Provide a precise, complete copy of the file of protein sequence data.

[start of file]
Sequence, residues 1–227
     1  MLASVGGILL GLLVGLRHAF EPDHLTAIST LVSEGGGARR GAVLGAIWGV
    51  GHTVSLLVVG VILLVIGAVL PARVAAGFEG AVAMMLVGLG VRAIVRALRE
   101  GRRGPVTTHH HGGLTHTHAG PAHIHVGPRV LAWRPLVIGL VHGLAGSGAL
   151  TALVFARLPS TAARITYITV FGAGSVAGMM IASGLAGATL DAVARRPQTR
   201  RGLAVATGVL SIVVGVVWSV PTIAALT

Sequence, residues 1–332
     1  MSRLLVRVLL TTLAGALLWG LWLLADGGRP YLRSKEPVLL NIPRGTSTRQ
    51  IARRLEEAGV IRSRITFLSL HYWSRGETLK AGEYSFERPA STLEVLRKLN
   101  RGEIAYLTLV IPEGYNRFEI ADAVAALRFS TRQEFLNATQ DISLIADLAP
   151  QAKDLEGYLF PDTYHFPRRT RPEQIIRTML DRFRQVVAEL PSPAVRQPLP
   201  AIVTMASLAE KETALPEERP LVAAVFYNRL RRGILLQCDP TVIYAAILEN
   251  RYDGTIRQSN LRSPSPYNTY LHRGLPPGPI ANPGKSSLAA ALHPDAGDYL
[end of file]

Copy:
Sequence, residues 1–227
     1  MLASVGGILL GLLVGLRHAF EPDHLTAIST LVSEGGGARR GAVLGAIWGV
    51  GHTVSLLVVG VILLVIGAVL PARVAAGFEG AVAMMLVGLG VRAIVRALRE
   101  GRRGPVTTHH HGGLTHTHAG PAHIHVGPRV LAWRPLVIGL VHGLAGSGAL
   151  TALVFARLPS TAARITYITV FGAGSVAGMM IASGLAGATL DAVARRPQTR
   201  RGLAVATGVL SIVVGVVWSV PTIAALT

Sequence, residues 1–332
     1  MSRLLVRVLL TTLAGALLWG LWLLADGGRP YLRSKEPVLL NIPRGTSTRQ
    51  IARRLEEAGV IRSRITFLSL HYWSRGETLK AGEYSFERPA STLEVLRKLN
   101  RGEIAYLTLV IPEGYNRFEI ADAVAALRFS TRQEFLNATQ DISLIADLAP
   151  QAKDLEGYLF PDTYHFPRRT RPEQIIRTML DRFRQVVAEL PSPAVRQPLP
   201  AIVTMASLAE KETALPEERP LVAAVFYNRL RRGILLQCDP TVIYAAILEN
   251  RYDGTIRQSN LRSPSPYNTY LHRGLPPGPI ANPGKSSLAA ALHPDAGDYL